“When the revolution comes, no one is spared. It’s not just Trump’s the big bad guy. All of them need to go. We included everyone, because all of their faces need to be locked up” Crystal Ma ’21 said in regard to her recent artistic experiment “Lock Them Up.” Ma, a biology and studio art major from Redmond, Wash., and Kester Messan-Hilla ’21, a Studio Art major from Cambridge, Mass., were given an assignment by Assistant Professor of Art Johanna Breiding for their Junior Seminar class to imagine their desired world, post-election. The duo created a live experimental installation through campus on Oct. 24, centered around the doors of Chapin Hall, in which they covered the large entryway with many posters of Trump and his family, each individually titled “Lock Him Up” or “Lock Her Up.” The experiment, in its desire to prompt direct response, was quite successful—the front of Chapin has unexpectedly become a live canvas for political imagery.
Messan-Hilla was first inspired by an image he saw on Instagram of a faded poster of Melania Trump stamped with “Lock Her Up.”
“I showed it to Crystal, and we agreed that we had to recreate it on campus, but with the whole family, not just Ivanka,” Messan-Hilla said. Ma got to photoshopping, and soon they printed a swarm of “Lock Them Up” posters of each member of Trump’s family, from Ivanka to Barron Trump. There were many strong reactions to Barron Trump’s poster, but the artists explained that this was a necessary provocation. “It may be confusing to see a young person like Barron on the door, but I want to destroy the notion that the ruling class should be cared for or about. Barron will inherit a great deal of wealth and power, and with that, has the potential to do the same harm that his parents and siblings are doing now,” Messan-Hilla said.
The pair first spread the posters down Spring Street, with the idea that people could interact with them each individually, and “take them off and put them somewhere else,” Messan-Hilla said. However, they felt as though the experiment was spread out too much, and less impactful than if it was in one place, so they decided to move the posters to the Chapin doors. “Imagery wise, it’s a lot more centralized and powerful when it’s all in a symmetrical area, right in the middle of big double doors,” Ma said.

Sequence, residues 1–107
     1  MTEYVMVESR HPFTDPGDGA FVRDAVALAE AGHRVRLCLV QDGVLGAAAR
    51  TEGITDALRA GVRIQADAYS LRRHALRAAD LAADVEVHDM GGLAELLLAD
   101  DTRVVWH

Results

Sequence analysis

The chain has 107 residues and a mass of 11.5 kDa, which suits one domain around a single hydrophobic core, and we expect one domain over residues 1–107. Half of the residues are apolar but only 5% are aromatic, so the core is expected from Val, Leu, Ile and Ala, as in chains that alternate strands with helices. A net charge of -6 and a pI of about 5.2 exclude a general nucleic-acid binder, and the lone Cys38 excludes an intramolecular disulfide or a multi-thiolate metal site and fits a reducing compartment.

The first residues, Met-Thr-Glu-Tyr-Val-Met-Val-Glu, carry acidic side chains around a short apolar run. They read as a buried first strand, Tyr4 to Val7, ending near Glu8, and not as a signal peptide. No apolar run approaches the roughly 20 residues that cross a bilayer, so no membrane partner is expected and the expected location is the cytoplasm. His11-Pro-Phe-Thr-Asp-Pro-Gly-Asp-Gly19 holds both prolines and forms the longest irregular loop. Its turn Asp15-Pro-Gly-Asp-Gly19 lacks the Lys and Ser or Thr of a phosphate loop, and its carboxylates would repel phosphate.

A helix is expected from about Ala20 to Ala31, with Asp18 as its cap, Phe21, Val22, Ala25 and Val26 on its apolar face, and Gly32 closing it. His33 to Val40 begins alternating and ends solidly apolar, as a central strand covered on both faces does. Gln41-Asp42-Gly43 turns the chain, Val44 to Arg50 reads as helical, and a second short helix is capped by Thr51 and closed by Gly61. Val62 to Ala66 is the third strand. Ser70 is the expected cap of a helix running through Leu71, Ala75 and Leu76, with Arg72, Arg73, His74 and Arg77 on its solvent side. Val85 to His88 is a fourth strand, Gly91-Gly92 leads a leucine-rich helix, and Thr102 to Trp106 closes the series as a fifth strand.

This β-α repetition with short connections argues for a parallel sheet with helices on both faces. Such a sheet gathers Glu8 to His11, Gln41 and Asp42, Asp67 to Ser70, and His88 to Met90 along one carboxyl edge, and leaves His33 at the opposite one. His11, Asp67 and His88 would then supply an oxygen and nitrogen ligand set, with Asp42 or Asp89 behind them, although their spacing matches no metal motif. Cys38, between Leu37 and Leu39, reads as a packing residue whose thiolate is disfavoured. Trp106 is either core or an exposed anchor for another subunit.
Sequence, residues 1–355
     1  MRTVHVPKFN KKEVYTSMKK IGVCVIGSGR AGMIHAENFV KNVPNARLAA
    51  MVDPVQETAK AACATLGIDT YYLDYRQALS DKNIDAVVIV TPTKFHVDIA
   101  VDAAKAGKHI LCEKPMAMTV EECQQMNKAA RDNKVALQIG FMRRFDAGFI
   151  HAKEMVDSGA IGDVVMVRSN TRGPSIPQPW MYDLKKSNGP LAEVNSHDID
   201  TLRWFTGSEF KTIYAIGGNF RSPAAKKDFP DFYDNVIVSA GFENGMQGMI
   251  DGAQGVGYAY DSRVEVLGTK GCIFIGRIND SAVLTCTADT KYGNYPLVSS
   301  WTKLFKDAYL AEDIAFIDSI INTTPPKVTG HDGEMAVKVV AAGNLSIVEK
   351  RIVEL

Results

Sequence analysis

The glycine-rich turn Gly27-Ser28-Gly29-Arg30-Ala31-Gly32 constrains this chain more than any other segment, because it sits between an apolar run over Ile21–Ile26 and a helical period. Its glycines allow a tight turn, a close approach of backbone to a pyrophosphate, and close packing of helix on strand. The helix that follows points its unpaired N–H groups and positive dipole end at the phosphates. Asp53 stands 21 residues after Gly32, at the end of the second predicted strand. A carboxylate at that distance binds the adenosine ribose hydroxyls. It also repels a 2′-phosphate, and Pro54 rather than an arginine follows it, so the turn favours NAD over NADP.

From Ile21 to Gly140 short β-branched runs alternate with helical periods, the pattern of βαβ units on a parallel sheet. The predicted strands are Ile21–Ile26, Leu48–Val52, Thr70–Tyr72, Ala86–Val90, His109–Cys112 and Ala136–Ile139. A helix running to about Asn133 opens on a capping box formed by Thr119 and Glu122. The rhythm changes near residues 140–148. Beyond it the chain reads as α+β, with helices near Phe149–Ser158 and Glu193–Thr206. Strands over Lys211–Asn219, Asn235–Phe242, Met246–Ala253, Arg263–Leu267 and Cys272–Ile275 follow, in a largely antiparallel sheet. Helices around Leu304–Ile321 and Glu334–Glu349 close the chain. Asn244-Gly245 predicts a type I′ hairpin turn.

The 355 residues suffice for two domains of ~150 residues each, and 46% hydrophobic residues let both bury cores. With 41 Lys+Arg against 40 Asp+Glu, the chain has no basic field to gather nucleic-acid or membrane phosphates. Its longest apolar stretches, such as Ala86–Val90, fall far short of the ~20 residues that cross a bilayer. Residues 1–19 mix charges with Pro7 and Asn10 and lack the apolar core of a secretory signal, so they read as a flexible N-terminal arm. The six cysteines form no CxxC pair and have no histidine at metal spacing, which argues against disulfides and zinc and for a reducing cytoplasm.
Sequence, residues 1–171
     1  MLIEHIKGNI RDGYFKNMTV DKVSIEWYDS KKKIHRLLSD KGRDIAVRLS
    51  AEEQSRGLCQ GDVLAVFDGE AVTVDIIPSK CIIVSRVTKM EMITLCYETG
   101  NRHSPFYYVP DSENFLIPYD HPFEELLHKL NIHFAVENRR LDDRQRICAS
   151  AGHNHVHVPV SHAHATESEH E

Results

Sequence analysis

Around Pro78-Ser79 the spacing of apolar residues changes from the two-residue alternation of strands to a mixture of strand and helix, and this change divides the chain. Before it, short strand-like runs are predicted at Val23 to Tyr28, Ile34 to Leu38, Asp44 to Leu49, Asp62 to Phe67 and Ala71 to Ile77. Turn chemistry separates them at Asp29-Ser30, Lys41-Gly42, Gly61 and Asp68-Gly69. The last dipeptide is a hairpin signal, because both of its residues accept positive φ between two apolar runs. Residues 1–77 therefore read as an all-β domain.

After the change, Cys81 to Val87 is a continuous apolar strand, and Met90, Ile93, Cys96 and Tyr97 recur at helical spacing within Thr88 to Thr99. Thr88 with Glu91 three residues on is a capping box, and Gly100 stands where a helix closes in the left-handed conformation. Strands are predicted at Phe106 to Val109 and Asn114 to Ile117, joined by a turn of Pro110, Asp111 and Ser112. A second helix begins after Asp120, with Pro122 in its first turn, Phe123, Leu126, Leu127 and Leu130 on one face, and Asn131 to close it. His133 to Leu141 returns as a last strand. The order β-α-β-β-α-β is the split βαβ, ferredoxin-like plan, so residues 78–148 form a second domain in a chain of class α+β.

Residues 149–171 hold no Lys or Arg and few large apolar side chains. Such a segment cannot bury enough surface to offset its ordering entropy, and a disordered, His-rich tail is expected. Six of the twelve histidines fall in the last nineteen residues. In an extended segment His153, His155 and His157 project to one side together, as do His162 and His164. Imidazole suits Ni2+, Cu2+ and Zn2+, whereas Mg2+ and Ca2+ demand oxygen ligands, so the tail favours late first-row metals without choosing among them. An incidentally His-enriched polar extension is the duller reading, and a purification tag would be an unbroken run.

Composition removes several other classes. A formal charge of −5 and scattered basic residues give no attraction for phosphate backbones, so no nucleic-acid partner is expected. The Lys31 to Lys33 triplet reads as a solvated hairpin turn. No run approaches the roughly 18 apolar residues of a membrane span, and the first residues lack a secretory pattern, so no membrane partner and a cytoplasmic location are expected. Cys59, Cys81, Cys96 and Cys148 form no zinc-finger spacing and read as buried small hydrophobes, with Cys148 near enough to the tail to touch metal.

The “Lock Them Up” rhetoric is familiar, as it was a direct co-opting of the language used by Trump in 2016 to describe Hilary Clinton. “It’s turning the table, flipping it back on him. It’s using their rhetoric,” Ma said. Ma and Messan-Hilla explained that the language does not condone criminalization and the prison system, but it rather taps into a moment of justice via juxtaposition.
“There’s a sort of poetry in ‘locking’ them. It’s the same prison system that they have created and work to maintain. Anytime a cop gets arrested or tried for something, I think of poetic justice. You spend your whole life arresting and locking people up, yet here you are, in the system yourself,” Messan-Hilla explained. The two artists saw irony in the criminal complicity of the Trump family and their role in expanding systems of systematic criminalization.
Ma and Messan-Hilla chose the artistic tool of a poster purposefully. “Public art is really exciting because it can be taken down one day and put back up again. It can even be moved to another location, and be produced and reproduced over and over again,” Messan-Hilla explained. They intended for interaction with their experiment; it was, and remains, a fluid endeavor that desires sentient reaction. The poster medium allowed for this continuous, live communication between artist and audience. “I feel like ‘Lock Them Up’ was an experiment for today, tomorrow it can manifest in some other way, next year it can manifest in a different way. It doesn’t have to be interacted with as a finished item,” Messan-Hilla explained. Ma and Messan-Hilla focused on exploring the student agency, or lack thereof, in campus signage, especially now that access to buildings is limited. “There is so much land and space, there is all this wall space, and ground space, no one is telling you that you can’t put a poster somewhere,” Messan-Hilla said.